SAT Reading: The Toughest Section
The SAT is made up of 3 sections: Evidence Based Reading, Writing, and Math.
The Reading section is often lamented by students as the hardest section of the SAT. In truth, it may be the hardest section to get a perfect score on.
In our new SAT Reading series, we’ll cover the top 3 reasons why this SAT section is difficult. But more importantly, we’ll show you proven strategies for overcoming each of those problems and earning a top — even perfect — SAT Reading score!
What Makes The SAT Reading Section So HARD?
Scoring high on the SAT Reading requires tremendous effort and concentration. Since most passages are complex and the unfamiliar answer choices can be confusing, many test-takers struggle to maintain focus throughout the test. Students often give up on the hardest questions/passages, read the same paragraph over and over with no comprehension, or run out of steam by the end of the section and making careless mistakes.
Furthermore, students can get frustrated with their SAT Reading score and consequently lose motivation in their preparation. But there are proven ways to increase your stamina and focus!
Before reading these tips to improve your concentration on the test, make sure to check out our previous blogs. They’re full of great advice on improving your SAT Reading score.
Wanting to supercharge your comprehension skills for the SAT Reading exam? This is the place to start! Or, if you’re looking to powerfully boost your SAT Reading score, our recommendations will set you up for success.
Much of the advice in the remainder of this blog will not only improve your accuracy and timing, but also help to preserve your focus. Here are 4 tips to improve your focus while taking the test:
Tip 1: Conserve Your Mental Stamina
The SAT Reading exam can be extremely taxing. Make sure to conserve your mental stamina:
- Read the passage in 4 minutes or less.
- Don’t stop and re-read every word, sentence, or even paragraph you don’t understand.
- Annotate the passage so you don’t have to remember where something was talked about; you can leave yourself “breadcrumbs” to come back to later.
When you don’t waste unnecessary energy trying to understand or remember every line of a passage, you’ll be able to really focus on the most difficult parts of the test.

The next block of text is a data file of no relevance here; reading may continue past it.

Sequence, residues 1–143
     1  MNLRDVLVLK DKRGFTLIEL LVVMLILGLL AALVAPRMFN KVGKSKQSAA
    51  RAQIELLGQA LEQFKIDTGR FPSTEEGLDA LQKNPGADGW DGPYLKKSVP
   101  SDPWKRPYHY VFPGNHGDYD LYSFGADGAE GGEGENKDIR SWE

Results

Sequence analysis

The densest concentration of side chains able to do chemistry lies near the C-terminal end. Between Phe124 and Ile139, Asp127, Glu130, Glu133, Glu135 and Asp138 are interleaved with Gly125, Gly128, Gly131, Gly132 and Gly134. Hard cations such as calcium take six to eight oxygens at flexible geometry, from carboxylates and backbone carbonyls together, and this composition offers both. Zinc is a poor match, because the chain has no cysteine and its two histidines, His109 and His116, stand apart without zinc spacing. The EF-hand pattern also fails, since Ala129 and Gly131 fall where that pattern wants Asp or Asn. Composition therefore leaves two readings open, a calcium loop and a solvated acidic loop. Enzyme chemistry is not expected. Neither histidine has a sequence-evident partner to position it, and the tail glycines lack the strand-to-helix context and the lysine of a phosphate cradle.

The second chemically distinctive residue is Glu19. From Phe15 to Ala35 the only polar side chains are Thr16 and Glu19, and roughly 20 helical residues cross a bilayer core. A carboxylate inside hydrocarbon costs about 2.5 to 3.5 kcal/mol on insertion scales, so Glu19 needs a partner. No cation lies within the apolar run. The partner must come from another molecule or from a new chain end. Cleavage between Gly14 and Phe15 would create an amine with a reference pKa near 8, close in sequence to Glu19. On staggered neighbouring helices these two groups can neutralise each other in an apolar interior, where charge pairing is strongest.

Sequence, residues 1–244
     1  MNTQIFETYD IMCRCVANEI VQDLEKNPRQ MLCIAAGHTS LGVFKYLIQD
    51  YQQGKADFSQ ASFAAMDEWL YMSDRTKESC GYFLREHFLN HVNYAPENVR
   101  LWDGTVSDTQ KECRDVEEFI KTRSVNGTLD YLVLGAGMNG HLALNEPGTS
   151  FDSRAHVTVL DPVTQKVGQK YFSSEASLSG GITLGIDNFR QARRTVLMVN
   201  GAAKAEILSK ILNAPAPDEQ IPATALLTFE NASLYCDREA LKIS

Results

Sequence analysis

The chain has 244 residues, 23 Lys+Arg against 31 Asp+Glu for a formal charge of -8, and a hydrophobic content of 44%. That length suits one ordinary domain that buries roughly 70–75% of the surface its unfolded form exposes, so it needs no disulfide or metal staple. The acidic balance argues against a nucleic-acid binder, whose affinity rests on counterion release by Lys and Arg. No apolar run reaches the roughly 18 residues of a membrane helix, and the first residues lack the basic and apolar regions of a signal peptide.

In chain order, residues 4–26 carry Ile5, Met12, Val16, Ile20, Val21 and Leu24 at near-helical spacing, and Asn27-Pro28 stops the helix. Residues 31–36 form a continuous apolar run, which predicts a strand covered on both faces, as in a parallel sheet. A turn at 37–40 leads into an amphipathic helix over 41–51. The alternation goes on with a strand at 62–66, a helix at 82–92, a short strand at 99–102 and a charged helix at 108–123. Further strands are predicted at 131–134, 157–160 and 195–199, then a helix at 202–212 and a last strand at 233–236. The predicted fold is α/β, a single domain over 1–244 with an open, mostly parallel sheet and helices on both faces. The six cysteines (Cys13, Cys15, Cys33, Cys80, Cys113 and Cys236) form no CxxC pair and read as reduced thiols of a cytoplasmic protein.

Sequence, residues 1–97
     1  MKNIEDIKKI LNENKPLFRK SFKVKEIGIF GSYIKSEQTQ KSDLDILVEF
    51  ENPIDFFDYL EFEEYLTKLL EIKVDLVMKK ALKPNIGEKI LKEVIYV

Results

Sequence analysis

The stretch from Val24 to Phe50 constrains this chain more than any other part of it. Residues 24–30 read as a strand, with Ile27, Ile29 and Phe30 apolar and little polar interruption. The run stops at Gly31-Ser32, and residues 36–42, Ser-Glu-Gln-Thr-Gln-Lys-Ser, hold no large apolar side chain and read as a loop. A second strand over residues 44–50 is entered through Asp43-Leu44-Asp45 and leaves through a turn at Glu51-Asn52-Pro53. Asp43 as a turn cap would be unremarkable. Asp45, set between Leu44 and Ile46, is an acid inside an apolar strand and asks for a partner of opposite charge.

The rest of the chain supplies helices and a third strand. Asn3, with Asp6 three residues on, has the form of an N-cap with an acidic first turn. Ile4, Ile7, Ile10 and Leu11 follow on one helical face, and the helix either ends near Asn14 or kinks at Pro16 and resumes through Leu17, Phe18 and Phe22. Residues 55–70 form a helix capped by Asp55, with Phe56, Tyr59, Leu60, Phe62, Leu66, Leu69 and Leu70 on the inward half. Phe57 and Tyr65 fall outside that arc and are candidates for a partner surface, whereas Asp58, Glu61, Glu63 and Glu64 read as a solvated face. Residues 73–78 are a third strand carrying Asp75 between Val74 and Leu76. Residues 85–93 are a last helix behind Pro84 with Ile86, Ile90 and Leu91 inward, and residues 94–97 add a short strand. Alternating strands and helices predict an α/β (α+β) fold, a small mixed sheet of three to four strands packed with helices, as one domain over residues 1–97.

Tip 2: Practice Full-Length Tests
Many students aren’t used to sitting in a quiet room and reading difficult passages for an hour. Additionally, the style of questions on the SAT is probably much different than what you’ve been exposed to in school. Some test-takers become extremely nervous in a standardized setting or even develop anxiety during the exam upon seeing an unfamiliar passage or question type.
Therefore, it’s important to practice the full-length 65-minute Reading section many times before going into the actual SAT.
Take simulated exams as often as possible so that you can build up your mental stamina and familiarity with these test-taking conditions.
Tip 3: Take the Easy Test First
Don’t make the mistake of tackling the most difficult passages or questions first. When a passage or question is difficult for you, skip it! Just mark the question you’ve left unanswered, and come back to it later.
Instead, begin by gathering up as many “points” as you can. Read the simpler passages and answer the easier questions first. This makes sure that you won’t spend too much time on the harder questions, and run out of time to take the test.
By answering what you know first, the test will be less frustrating and you’ll feel more calm and confident when it comes time to answer the hardest questions.
Tip 4: Keep Yourself Motivated
It’s important to keep in mind why you’re preparing for this test. Think about your ideal scores, your prospective colleges, and your dreams. Remember that your ultimate objective isn’t just to pass the test! This exam is a stepping stone to where you want to be in the future.
By always keeping your ultimate goal in mind, you’ll be encouraged to stay focused and prepare strategically, not halfheartedly. If you need ideas on how to encourage yourself to continue your test prep, we’ve outlined 8 ways to stay motivated for you.
Use this blog to start boosting your SAT Reading score! Even better, let MEK Review help!
For upperclassmen, MEK Review offers a proven framework for success with our SAT Prep courses. On average, we boost student’s scores by 170+ points through expert guidance, comprehensive feedback, and full-length simulated SATs.
High school students are also invited to attend our Spring Break Boot Camp, where we focus on SAT, ACT and AP exam test prep. You can boost your scores in just one day, or attend all five days of the program for maximum results!
We can also help freshmen and sophomore students build up a solid foundation to help master the school year with our (P)SAT core classes.
We look forward to helping you!